Scrooge, or, Marley's Ghost

Scrooge, or, Marley's Ghost is a 1901 British short silent drama film, directed by Walter R. Booth, featuring the miserly Ebenezer Scrooge confronted by Jacob Marley's ghost and given visions of Christmas past, present, and future, is the earliest known film adaptation of Charles Dickens's 1843 novella A Christmas Carol. The film, "although somewhat flat and stage-bound to modern eyes," according to Ewan Davidson of BFI Screenonline, "was an ambitious undertaking at the time," as, "not only did it attempt to tell an 80 page story in five minutes, but it featured impressive trick effects, superimposing Marley's face over the door knocker and the scenes from his youth over a black curtain in Scrooge's bedroom."[1]

Scrooge, or, Marley's Ghost
Directed byWalter R. Booth
Produced byRobert W. Paul
Written byCharles Dickens
J.C. Buckstone
Based onA Christmas Carol
by Charles Dickens
Paul's Animatograph Works
Release date
  • November 1901 (1901-11)
Running time
6 mins 20 secs
CountryUnited Kingdom

The film

Filmed in 35mm and in black and white, this short silent film was produced by the English film pioneer R. W. Paul, and directed by Walter R. Booth and was filmed at Paul's Animatograph Works. It was released in November 1901. As was common in cinema's early days, the filmmakers chose to adapt an already well-known story, in this case A Christmas Carol by Charles Dickens, in the belief that the audience's familiarity with the story would result in the need for fewer intertitles.[2] It was presented in 'Twelve Tableaux' or scenes.[3] The film contains the first use of intertitles in a film.[4]

Evidence suggests that Paul's version of A Christmas Carol was based as much on J. C. Buckstone's popular stage adaptation Scrooge as on Dickens' original story. Like the play, the film dispenses with the different ghosts that visit Scrooge, instead relying upon the figure of Jacob Marley, draped in a white sheet, to point out the error of Scrooge's ways. The film featured impressive trick effects by 1901 standards, superimposing Marley's face over the door knocker, and displaying the scenes from his youth on a black curtain in Scrooge's bedroom. R. W. Paul was a trick film specialist; Walter Booth, credited as the film's director, was a well-known magician as well as a trick and comic film specialist.[2] The film makes early use of dissolving between scenes. Some scenes are tinted.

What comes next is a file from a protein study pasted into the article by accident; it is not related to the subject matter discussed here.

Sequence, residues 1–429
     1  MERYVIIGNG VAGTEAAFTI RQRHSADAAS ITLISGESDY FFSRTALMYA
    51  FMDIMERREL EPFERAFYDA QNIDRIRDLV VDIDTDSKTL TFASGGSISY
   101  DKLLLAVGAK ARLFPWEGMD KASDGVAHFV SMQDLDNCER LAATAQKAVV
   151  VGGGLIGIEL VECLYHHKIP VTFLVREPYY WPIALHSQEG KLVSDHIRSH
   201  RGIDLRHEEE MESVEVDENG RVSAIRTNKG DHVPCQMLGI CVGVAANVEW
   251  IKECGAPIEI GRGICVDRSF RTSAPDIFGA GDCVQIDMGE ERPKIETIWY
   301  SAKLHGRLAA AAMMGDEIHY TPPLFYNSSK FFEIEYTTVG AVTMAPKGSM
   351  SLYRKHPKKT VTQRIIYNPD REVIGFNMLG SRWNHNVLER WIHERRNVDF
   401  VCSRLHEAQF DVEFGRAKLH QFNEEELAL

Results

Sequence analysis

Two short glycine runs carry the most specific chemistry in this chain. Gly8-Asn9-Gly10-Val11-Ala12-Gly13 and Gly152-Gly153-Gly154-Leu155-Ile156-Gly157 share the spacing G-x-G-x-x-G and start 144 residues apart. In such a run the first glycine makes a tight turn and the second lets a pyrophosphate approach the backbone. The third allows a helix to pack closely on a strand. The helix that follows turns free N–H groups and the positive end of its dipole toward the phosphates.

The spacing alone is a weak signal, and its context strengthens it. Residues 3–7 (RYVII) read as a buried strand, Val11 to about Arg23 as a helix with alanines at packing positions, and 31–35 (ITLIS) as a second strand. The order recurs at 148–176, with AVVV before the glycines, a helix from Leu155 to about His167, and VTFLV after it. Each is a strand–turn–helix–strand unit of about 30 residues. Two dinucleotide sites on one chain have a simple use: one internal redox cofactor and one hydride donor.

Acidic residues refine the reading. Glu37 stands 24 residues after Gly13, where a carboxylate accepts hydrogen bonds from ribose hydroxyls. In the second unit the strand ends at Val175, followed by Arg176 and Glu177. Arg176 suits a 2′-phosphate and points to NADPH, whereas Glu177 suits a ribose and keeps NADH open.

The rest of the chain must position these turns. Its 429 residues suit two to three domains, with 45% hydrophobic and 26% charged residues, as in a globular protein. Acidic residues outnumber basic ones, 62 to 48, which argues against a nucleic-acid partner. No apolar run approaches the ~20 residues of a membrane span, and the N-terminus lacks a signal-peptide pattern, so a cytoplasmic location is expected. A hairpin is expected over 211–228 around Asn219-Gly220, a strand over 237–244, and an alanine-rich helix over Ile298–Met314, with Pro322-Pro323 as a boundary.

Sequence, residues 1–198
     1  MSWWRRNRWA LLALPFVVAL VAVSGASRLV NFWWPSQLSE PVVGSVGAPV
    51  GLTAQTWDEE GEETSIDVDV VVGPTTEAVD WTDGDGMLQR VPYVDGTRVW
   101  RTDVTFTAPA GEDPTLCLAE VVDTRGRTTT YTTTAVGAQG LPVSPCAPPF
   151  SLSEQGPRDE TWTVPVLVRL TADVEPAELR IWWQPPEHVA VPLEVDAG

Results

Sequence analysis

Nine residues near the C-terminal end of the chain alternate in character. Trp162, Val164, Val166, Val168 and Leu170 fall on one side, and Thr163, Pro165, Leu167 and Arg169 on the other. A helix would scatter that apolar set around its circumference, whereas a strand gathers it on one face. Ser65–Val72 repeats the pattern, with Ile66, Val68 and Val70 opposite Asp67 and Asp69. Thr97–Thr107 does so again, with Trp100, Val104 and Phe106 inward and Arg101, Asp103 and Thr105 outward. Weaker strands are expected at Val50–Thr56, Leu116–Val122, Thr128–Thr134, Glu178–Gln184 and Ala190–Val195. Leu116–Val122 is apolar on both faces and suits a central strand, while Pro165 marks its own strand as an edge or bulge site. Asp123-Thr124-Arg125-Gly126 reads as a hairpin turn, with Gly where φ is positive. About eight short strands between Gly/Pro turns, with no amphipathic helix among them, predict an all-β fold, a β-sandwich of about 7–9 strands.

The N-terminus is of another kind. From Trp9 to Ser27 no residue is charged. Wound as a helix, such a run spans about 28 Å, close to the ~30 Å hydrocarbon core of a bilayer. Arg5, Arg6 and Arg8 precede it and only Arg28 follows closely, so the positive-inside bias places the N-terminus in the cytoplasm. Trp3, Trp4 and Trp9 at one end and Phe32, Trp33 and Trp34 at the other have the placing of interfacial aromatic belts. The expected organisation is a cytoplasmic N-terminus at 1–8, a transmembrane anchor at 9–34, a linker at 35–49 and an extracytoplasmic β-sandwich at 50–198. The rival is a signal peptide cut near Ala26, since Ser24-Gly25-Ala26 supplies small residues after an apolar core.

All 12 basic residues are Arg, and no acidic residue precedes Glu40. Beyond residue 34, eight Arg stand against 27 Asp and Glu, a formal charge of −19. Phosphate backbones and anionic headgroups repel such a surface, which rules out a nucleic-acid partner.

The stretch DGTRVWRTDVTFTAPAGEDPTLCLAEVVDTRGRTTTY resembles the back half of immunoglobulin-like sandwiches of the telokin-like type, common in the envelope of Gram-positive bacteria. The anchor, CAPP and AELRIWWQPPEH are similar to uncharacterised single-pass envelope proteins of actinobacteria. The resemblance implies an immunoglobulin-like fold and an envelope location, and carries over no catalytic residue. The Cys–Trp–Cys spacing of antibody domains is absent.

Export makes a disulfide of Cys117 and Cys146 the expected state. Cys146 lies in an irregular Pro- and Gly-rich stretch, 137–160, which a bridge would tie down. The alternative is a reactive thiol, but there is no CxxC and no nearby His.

The only known surviving footage, about 3 minutes and 26 seconds in length, is preserved by the British Film Institute.[5] This footage starts with Bob Cratchit showing someone out of Scrooge's office on Christmas Eve, just before he and Scrooge leave for the night, and ends at a scene where Scrooge is shown his own grave. The film does not show the Ghosts of Christmas Past, Christmas Present, or Christmas Yet to Come, instead relying on the ghost of Marley to present the visions to Scrooge.[3]

See also


  1. Davidson, Ewan. "Blackfriars Bridge". BFI Screenonline Database. Retrieved 24 April 2011.
  2. Scrooge; or Marley's Ghost on the British Film Institute website
  3. Fred Guida, A Christmas Carol and its Adaptations: a Critical Examination of Dickens's Story on Screen and Television McFarland & Company, Inc., Publishers (2000) pgs 66-67 Google Books
  4. Elliot, Kamilla. Dickens on Screen. p. 117. ISBN 978-0521001243.
  5. Scrooge, or, Marley's Ghost on the British Film Institute website
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